Overview

Overview

Cleveland Clinic is a proud sponsor of the 2016 Donate Life Transplant Games

The Transplant Games event is a multi-sport festival event produced by the Transplant Games of America for individuals who have undergone life-saving transplant surgeries. Competition events are open to living donors, organ transplant recipients, bone marrow, corneal and tissue transplant recipients. More than an athletic event, the Donate Life Transplant Games highlight the critical importance of organ, eye, and tissue donation, while celebrating the lives of organ donors and recipients. Athletes, volunteers and supporters are welcome!

For more information or to register, visit transplantgamesofamerica.org.

Events

Events

Cleveland Cavaliers – Donate Awareness Game

Sunday, April 3 game | 3:30 p.m. start

Cleveland Indians – First Pitch

Saturday, April 16 game | 4:10 p.m. start

City Club of Cleveland – A panel discussion featuring Drs. John Fung and Charles Modlin

Thursday, April 14 | Noon start

Cleveland Clinic – 14th Annual Minority Men’s Health Fair

Thursday, April 21 | 5:30 p.m. start
Glickman Tower/Miller Pavilion - Cleveland Clinic main campus

Patient Education

Patient Education

News

News

WSVN-TV (Miami, FL) – Couple receives lifesaving kidney transplants at Cleveland Clinic Florida. Dr. Neerja Agrawal comments. Watch the Story

The Wall Street Journal and Chicago Tribune – CEO of United Airlines has a heart transplant. Dr. Randall Starling comments. Read the Story

Fox News – Double lung transplant patient sells handmade bracelets to fund operation and raise awareness about organ donation. Dr. Wayne Tsuang and Dr. Douglas Johnston comment. Read the Story

WTAE-TV (Pittsburgh, PA) – Family is thankful after life-saving transplant at Cleveland Clinic. Watch the Story

Q&A

Q&A

CCIYC Q&A: Transplant Games – Kay Kendall, LISW

In Ohio alone, more than 3,400 people are waiting for life-saving transplants. This June, the Transplant Games of America will assemble athletes from all over the United States in Cleveland as a testament to the spirit of our patients, the quality of care available for those undergoing or living with a transplant and of course the gift of life from so many.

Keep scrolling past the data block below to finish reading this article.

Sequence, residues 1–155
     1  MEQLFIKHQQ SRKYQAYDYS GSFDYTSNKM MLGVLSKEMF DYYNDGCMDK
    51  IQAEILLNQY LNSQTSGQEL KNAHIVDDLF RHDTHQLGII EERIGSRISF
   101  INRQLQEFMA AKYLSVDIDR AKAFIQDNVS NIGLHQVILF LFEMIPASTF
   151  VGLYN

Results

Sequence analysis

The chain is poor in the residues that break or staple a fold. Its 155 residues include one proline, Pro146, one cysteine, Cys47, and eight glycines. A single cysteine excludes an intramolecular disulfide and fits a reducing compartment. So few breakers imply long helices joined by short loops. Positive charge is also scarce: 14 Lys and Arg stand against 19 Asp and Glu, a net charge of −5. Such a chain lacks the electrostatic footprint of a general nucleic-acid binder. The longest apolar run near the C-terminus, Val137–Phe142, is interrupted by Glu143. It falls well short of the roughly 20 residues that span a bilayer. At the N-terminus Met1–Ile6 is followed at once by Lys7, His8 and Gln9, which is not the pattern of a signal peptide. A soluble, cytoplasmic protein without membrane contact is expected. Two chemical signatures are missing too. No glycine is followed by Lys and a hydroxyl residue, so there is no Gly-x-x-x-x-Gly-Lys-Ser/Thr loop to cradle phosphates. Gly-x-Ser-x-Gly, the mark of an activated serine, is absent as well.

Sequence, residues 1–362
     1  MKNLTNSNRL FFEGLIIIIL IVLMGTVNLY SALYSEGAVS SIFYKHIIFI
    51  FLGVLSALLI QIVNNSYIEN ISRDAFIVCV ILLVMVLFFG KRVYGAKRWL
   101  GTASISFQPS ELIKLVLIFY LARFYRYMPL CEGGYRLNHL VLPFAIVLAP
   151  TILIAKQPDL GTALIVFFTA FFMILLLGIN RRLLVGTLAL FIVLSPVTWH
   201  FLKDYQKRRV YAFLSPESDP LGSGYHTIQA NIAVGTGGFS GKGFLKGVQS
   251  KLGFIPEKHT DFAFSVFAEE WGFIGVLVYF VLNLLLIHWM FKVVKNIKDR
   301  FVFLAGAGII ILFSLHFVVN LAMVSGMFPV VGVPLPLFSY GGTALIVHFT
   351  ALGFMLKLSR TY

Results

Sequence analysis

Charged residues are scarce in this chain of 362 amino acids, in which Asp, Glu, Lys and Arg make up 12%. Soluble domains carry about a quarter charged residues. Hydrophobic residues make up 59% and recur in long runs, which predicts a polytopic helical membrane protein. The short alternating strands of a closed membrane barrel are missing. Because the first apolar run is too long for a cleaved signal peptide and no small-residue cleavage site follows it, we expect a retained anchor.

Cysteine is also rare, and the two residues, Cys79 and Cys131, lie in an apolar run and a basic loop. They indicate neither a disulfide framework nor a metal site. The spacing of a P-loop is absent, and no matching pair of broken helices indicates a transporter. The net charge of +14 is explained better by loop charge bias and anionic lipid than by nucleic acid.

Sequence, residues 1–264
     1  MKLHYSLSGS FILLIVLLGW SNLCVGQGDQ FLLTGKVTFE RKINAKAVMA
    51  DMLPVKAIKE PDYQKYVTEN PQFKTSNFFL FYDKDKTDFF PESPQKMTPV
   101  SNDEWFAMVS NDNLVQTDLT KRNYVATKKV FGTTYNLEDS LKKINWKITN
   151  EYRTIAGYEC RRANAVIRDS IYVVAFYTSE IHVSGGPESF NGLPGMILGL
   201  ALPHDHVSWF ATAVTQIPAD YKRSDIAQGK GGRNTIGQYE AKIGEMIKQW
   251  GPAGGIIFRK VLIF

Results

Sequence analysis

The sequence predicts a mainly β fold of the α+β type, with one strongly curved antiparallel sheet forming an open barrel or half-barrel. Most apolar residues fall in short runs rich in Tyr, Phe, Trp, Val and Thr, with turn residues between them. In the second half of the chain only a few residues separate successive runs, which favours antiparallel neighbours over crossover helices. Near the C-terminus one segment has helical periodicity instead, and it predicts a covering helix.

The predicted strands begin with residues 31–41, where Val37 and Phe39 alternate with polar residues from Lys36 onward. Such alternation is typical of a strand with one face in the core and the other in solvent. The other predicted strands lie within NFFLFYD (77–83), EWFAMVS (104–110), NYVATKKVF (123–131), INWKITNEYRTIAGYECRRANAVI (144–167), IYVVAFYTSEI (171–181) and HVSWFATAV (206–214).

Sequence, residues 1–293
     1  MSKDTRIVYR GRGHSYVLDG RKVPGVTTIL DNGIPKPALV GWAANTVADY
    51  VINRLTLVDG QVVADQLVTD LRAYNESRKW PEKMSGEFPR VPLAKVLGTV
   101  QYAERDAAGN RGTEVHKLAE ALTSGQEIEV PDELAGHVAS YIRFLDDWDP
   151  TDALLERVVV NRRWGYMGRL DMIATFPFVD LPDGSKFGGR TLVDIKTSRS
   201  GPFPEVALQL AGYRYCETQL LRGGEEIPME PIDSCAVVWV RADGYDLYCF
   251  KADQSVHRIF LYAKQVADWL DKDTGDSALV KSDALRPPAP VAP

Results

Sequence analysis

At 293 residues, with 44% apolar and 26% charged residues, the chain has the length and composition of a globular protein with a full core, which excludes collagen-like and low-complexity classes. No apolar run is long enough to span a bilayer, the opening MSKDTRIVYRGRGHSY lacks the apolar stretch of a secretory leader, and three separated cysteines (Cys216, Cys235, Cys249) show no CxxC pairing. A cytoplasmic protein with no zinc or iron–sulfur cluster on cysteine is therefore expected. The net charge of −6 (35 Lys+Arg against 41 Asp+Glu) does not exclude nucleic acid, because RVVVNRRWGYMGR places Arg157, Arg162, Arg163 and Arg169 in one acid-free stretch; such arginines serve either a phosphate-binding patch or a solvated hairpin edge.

Kay Kendall is a licensed social worker with Cleveland Clinic Heart & Vascular Institute. She works with patients and families waiting for and undergoing heart transplant.

Q: What is life like for heart transplant patient in 2016?
Kendall: Today, life is very different than in the early years of transplant.  Individuals can live very fulfilling lives, even those who may have significant other medical problems or may have undergone multiple transplants. Patients can return to active lives—work, caring for families and exercise.  Years ago what might have been viewed as a contraindication to transplant, may no longer be seen as an obstacle. It’s worth exploring transplant as an option.

Kendall: Q: How difficult is it to be evaluated for a heart or lung transplant?
Kendall: Not difficult through Cleveland Clinic at all. Anyone can call to ask questions and set up an appointment for an evaluation. You don’t have to have a referral to schedule an appointment. We typically perform between 45 -60 heart transplants a year. It can be very helpful to just call and ask questions about whether or not transplant might be option.

Q: How important is support and community is for patients?
Kendall: Support is so important for patients before and after transplant. At Cleveland Clinic, we believe having someone to talk to that understands what you are going through can be healing and help stress management. As people are waiting for heart transplants at Cleveland Clinic, we have a network of post-transplant volunteers that call and visit them in the hospital. Also, every month, we hold a support group dinner on the top of our heart center for patients and their loved ones. Patients on all stages of the journey – awaiting a heart, using an LVAD, newly transplanted or moving forward in life with a new heart – are welcome. Cleveland Clinic also helps connect patients to national support groups, such as TRIOI (transplant recipient international organization)

Q: How can one become a donor?  
Kendall: It’s pretty simple. You can register online at Ohio.gov or indicate it at the BMV when you renew your driver license or state ID card. You can also download and complete an Organ Donor Registry Enrollment form from the State of Ohio BMV and return it through the mail.

Q: What’s one surprising fact about heart transplant?
Kendall: Many people are surprised to hear about transplant recipients exercising or taking part in athletic events, but regular exercise is healthy and vital for transplant recipients. For heart transplant patients, the new heart is only 70% as efficient as a normal heart. So, you must exercise regularly to maintain physical fitness.